On Oct. 5, the Bruins began the 2005-06 season against their longtime nemeses -- the Montreal Canadiens.
The new Garden was sold out, 17,565 fans strong. The air was electric, the first post-lockout contest full of promise.
No one could predict that night's one-goal loss would be the first of 30, no one knew the Bruins' captain -- Joe Thornton -- would be traded before December. No one knew a combination of injuries, underachievement, and poor planning on the part of the front office would result in a season with the Bruins' fewest victories since 1999-2000. No one knew that closing night at home would be so similar to opening night.
Last night, though, it was again the Canadiens in town and again it was a sellout crowd in attendance, as part of Fan Appreciation Night. But although the result was the same as it has been on so many occasions -- a 4-3 loss -- the atmosphere was spirited and occasionally ornery. Chants of ''U-S-A, U-S-A" only added to the, at times palpable, vitriol.
What's that Mark Antony said about praising Caesar versus burying him?
Before the season started, Bruins owner Jeremy Jacobs predicted his team would be a Stanley Cup contender. Instead, while Thornton and his new team -- the San Jose Sharks -- wrap up their schedule and prepare for the postseason, the Bruins will close their campaign in Atlanta tomorrow afternoon and will say goodbye to each other in a locker cleanout early Monday morning.
A good many of them will never be back here, some may call it quits.
When the club reconvenes in September, it will have a new general manager and likely will be built around kids, one in particular -- a center who will be just 21 years old. Patrice Bergeron, who keeps getting better despite the frustrations the Bruins have endured, reached a milestone last night with a second-period goal. The tally gave him 30 for the season, making him the youngest player in team history to reach that plateau. Bergeron, at 20 years 262 days, eclipsed the mark set by Barry Pederson, who was 20 years 335 days old when he reached 30 goals in 1982.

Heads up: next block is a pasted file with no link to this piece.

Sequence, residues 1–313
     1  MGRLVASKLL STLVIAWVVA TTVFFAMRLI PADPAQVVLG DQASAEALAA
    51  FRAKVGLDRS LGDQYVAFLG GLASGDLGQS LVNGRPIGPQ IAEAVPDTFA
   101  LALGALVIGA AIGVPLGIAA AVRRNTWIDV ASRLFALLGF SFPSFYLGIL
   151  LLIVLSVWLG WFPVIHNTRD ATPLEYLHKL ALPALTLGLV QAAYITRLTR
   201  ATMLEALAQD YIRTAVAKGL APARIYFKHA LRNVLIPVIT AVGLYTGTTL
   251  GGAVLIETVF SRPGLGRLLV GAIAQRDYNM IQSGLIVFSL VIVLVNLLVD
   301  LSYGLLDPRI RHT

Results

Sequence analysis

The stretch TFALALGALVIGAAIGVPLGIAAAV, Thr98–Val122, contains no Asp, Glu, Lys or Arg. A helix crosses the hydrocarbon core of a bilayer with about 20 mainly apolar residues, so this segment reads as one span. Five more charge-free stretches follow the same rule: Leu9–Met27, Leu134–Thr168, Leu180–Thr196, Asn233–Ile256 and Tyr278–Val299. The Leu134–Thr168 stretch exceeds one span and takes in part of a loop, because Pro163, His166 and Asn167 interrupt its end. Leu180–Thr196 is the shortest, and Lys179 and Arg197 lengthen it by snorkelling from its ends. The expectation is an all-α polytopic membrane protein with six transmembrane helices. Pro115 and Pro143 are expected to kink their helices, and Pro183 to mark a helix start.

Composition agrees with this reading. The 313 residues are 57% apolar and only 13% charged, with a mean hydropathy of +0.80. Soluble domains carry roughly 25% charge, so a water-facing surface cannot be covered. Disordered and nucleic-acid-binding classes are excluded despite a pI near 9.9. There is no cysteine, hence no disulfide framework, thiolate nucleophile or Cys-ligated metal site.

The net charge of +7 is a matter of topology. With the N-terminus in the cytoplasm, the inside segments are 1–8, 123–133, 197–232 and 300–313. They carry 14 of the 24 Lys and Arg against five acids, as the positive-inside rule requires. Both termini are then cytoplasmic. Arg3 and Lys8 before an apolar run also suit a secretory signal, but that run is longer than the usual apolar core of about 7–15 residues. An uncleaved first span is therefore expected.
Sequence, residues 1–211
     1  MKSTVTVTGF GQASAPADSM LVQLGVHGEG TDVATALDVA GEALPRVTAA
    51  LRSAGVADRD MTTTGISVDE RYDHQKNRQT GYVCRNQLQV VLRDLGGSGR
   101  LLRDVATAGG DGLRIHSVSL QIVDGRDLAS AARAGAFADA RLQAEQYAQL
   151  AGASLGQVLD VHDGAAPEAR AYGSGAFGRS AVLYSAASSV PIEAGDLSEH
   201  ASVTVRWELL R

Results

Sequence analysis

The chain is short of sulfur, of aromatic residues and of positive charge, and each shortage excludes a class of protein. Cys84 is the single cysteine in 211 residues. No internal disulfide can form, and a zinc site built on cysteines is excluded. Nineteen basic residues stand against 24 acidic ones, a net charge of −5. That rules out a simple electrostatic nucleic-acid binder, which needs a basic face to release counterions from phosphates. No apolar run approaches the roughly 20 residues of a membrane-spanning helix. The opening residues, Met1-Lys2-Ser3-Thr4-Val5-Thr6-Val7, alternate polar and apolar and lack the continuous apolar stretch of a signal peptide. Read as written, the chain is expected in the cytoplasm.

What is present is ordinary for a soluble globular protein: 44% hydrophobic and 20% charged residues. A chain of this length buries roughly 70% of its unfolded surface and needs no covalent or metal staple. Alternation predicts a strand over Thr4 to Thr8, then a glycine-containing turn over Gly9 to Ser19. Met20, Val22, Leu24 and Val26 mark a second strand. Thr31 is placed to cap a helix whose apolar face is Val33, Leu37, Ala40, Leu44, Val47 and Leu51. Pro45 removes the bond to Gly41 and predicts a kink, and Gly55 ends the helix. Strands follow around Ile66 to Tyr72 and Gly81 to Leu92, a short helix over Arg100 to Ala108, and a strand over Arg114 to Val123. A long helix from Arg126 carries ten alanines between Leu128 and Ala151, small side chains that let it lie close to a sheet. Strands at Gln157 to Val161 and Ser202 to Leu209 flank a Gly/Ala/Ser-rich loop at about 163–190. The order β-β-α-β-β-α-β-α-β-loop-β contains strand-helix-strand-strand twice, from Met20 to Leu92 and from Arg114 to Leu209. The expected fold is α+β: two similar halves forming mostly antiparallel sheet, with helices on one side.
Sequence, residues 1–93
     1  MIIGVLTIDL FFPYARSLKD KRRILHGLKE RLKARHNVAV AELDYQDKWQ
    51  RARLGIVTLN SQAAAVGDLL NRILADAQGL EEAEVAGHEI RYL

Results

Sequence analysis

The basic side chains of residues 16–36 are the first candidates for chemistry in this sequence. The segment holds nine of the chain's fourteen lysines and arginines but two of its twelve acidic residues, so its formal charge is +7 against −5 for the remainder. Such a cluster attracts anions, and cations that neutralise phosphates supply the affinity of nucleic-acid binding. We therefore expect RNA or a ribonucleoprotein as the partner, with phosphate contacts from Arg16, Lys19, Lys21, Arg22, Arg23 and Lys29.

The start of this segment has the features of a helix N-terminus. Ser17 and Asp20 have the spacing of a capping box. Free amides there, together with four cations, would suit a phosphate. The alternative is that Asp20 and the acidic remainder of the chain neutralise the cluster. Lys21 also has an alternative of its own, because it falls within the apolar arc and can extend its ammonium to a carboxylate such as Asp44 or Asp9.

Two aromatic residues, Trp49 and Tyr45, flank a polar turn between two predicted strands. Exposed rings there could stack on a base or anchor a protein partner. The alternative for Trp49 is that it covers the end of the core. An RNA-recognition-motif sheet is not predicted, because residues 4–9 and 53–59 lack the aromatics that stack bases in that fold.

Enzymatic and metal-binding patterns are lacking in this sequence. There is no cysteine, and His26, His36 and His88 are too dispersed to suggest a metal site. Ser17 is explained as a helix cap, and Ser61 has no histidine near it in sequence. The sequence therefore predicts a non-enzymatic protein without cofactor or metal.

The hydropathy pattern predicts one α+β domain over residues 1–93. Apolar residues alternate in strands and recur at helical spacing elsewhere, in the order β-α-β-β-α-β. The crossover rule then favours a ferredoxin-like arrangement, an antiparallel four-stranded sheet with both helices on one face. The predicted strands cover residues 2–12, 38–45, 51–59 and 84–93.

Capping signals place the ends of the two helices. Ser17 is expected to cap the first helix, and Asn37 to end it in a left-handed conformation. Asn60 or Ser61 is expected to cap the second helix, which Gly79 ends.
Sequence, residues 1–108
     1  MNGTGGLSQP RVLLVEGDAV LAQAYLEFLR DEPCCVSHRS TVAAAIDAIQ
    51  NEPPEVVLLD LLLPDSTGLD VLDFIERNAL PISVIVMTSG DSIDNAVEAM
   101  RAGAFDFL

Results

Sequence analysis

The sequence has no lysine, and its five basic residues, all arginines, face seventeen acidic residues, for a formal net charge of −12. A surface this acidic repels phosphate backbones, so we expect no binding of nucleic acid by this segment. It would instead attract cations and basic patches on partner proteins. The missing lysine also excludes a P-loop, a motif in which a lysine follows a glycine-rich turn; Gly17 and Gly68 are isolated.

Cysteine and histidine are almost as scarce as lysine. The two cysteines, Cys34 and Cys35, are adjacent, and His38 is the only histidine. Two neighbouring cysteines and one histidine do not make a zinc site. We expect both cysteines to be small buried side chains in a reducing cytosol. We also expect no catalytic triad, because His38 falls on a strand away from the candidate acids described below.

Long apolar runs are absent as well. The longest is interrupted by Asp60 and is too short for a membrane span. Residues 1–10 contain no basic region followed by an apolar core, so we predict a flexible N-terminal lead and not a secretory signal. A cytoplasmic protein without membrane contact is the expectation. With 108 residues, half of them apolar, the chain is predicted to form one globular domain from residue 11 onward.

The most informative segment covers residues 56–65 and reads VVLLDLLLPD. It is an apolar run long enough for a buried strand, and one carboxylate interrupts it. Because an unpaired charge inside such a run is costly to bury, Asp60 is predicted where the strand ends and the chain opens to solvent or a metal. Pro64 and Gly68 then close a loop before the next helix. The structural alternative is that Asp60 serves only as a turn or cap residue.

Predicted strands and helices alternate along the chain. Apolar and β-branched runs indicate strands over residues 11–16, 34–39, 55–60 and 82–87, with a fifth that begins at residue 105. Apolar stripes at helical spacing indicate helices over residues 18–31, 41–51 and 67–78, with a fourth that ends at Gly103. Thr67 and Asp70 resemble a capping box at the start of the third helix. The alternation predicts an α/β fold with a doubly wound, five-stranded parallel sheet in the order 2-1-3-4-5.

Coach Mike Sullivan said he felt the Garden atmosphere was playoff-like and he understood how the fans' feelings rise and fall with the success, or lack thereof, of the team.
''We're so appreciative of the fans that we have, they're loyal fans, it can be difficult sometimes because they love the Bruins the way that they do," he said. ''For me, that's a great thing. They're emotional fans but they're emotional because they care so much."
The finale didn't start well for the home crowd as the dreaded Habs scored on the first shot of the first shift. Just 20 seconds into the action, Alexei Kovalev fired a wrister from the inside edge of the right circle that eluded goalie Tim Thomas.
At 10:04, Montreal doubled its lead with a power-play goal as Jan Bulis redirected a point shot past Thomas. Dan LaCouture attempted to wake up the Bruins when he and Canadiens defenseman Todd Simpson dropped the gloves only nine seconds after the second goal, and it worked, if only for a while.
Bergeron got his 30th at 1:07 of the second with a one-timer from the slot after taking a pass from another up-and-coming young player -- Brad Boyes -- and beating netminder David Aebischer.
''It's flattering with all the great players who have been in Boston," said Bergeron of his feat. ''I'm just trying to appreciate what I have right now and thank people who gave me a chance to be here and try to get better every day."
The Canadiens again made it a two-goal game at 6:52 when Tomas Plekanec dished a pass to Richard Zednik, who scored from the left circle. Where is Kyle McLaren when you need him? Playing for the Sharks, too.
Montreal earned its largest lead at 6:36 of the third on Kovalev's second score. He took a backhand pass from Bulis, skated up the right side from the red line in, and beat Thomas with a wrister from the right circle to the blocker side.
Just 22 seconds later, though, Bruins rookie Yan Stastny potted his first career NHL goal when he took a feed from Glen Murray and beat Aebischer from the slot. Bergeron made it a one-goal game again with 3:49 remaining. He skated in alone on Aebischer and slowed to the point where he appeared to be barely moving. By doing so, he froze Aebischer and then banged in a shot inside the right post to make it 4-3.
But that was as close as the Bruins got. After four straight games that went to overtime, three of them losses, this was decided in regulation. The end of the home season was here and everyone could feel it.
''It was emotional for me because I'm appreciative of how hard these guys work," Sullivan said. ''It's a pleasure to coach these guys."
Whether he continues to do so will soon be decided.